the pony 10yrs old no difference between a 3 or a 10yr old to break in only difference is age and knowing

                      the gae is no matter but the pony knowings will matter


                      knowing means if he is set in his ways and has an attitude then if you lack the expreince you will get hurt why becuase knowing means the pony knows his own strenght and will use it against you which will need expreince hands to deal with him

                      Just looking for some information on the breed and if I should pass. Thanks!

                      connimaras are good soild all roounders but they are also independant in there way of thinking in other words they love to work

                      Comment


                      • #12
                        I started an 11 year old former broodmare under saddle. It was just like starting a youngster. She was set in her ways (which meant her asking "why do I have to have a job?") but also more mentally mature and had a longer attention span.

                        The Connemaras I've been around have been pretty stellar, too! Athletic, hardy and SMART.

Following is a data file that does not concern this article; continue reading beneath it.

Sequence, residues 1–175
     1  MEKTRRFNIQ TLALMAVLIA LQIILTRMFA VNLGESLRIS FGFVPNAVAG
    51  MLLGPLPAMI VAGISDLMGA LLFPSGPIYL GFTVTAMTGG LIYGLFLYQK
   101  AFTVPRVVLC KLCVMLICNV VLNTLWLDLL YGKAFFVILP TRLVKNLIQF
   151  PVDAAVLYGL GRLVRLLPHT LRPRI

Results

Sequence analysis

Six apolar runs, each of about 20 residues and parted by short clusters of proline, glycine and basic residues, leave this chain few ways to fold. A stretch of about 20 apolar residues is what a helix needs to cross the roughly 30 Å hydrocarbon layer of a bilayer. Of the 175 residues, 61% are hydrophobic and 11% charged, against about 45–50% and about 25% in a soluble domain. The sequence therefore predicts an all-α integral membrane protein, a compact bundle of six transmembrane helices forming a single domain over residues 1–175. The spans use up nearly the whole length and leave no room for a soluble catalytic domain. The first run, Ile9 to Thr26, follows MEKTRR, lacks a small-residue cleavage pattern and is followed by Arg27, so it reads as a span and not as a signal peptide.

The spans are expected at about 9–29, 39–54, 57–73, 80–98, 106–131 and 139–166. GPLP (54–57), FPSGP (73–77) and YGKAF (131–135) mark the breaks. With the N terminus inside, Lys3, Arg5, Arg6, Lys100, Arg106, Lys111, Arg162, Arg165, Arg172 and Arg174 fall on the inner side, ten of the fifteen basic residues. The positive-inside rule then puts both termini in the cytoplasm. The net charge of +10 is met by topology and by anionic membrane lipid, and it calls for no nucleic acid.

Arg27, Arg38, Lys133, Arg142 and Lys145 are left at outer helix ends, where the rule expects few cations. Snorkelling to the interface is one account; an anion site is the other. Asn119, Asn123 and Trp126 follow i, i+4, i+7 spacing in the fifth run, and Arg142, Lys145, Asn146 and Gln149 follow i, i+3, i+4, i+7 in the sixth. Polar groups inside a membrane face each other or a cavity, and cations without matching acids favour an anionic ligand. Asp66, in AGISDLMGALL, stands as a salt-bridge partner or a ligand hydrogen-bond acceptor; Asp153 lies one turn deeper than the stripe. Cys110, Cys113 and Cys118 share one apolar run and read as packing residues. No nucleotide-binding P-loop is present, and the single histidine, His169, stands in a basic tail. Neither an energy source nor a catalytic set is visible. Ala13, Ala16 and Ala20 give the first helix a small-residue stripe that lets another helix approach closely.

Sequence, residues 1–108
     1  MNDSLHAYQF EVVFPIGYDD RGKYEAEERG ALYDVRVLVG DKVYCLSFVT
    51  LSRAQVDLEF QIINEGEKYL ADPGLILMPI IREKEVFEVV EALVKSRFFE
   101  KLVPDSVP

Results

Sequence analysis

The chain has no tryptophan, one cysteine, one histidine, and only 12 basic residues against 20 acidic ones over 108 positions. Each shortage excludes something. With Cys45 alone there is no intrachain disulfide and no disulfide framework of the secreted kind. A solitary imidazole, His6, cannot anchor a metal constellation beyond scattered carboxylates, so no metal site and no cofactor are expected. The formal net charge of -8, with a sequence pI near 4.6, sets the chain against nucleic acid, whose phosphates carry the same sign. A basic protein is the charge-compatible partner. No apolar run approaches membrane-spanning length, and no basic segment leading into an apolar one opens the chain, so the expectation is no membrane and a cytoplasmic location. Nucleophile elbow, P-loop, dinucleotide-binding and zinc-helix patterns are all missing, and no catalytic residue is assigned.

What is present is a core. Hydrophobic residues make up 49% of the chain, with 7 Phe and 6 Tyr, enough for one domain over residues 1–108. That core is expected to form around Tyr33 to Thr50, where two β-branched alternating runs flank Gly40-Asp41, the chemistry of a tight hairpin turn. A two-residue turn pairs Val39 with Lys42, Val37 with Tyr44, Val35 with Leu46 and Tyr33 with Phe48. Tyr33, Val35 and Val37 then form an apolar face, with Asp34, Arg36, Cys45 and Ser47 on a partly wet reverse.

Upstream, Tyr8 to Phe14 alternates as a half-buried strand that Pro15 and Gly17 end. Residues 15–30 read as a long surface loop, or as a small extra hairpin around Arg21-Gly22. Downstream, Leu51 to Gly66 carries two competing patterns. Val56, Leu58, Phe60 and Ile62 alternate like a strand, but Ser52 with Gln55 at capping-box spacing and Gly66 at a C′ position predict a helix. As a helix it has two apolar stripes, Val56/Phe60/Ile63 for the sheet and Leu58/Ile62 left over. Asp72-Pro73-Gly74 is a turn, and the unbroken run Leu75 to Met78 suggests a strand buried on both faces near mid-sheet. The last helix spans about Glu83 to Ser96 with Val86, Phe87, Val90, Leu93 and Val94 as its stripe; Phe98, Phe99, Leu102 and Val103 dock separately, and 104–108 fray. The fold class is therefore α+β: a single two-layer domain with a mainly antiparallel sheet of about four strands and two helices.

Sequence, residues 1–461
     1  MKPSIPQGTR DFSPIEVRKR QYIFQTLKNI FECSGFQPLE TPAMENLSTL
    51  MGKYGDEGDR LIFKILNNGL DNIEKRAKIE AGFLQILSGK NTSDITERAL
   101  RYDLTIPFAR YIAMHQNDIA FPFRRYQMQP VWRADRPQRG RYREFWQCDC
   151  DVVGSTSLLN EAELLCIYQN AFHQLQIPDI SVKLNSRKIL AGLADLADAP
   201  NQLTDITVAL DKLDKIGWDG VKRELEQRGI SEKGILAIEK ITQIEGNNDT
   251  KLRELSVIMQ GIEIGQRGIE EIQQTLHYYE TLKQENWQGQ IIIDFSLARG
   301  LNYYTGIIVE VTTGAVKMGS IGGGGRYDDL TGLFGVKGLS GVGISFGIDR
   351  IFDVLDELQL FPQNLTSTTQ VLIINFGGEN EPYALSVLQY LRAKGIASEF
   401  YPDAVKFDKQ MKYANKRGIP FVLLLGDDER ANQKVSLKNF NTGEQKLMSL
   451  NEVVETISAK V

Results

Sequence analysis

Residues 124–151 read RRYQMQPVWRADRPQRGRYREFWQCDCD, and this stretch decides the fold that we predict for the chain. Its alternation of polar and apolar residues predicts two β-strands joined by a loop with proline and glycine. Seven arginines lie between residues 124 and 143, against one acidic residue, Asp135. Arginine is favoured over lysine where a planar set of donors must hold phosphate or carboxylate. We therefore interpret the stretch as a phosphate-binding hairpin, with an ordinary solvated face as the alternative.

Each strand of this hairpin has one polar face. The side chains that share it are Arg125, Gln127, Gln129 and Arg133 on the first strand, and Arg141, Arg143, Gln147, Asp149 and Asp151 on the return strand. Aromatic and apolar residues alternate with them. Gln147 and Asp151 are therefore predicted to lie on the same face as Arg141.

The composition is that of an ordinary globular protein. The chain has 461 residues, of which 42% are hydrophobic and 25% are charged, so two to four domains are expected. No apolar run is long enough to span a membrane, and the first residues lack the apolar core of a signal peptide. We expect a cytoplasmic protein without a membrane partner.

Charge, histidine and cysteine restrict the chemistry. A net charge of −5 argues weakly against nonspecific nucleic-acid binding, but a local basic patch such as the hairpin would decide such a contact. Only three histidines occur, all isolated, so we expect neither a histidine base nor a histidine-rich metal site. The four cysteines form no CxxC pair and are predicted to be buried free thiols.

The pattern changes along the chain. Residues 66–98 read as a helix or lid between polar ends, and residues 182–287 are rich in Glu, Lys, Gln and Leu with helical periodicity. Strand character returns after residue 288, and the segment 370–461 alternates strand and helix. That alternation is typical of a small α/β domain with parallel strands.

Have fun.

                        Comment

                        • Original Poster

                          #13
                          Thanks for the responses! If this guy is as smart as my mustang, it will be interesting. I have the experience, having started from totally unbroke to doing low level eventing and one home bred is now a fab youth horse who cleans up regularly in w/p at fair. I always liked working with the young horses and seeing them develop and learn. I think I'll go for it and plan to start campaigning by the end of the season if all goes well.
                          Yogurt - If you're so cultured, how come I never see you at the opera? Steven Colbert

                          Comment


                          • #14
                            Originally posted by up-at-5 View Post
                            We have a Connemara/QH cross. Emma is remarkable.
                            I have a Connemara/QH mare named 'Emma'...

                            I also have her brother.

                            Great ponies...smart.

                            Comment


                            • #15
                              They have inherited memory. You will be fine.
                              www.HistoricHousePreservation.com

                              Comment


                              • #16
                                Mtn trails, Anyway of finding out his breeding? That could be a big help. Just like any breed, certain lines are hotter or more difficult. But, just like everyone has said, you will love the brains.

                                Brigitte is Conn/Tb and absolutely incredible, but she was also incredibly difficult until she turned about 10! Now she knows everything, just ask her!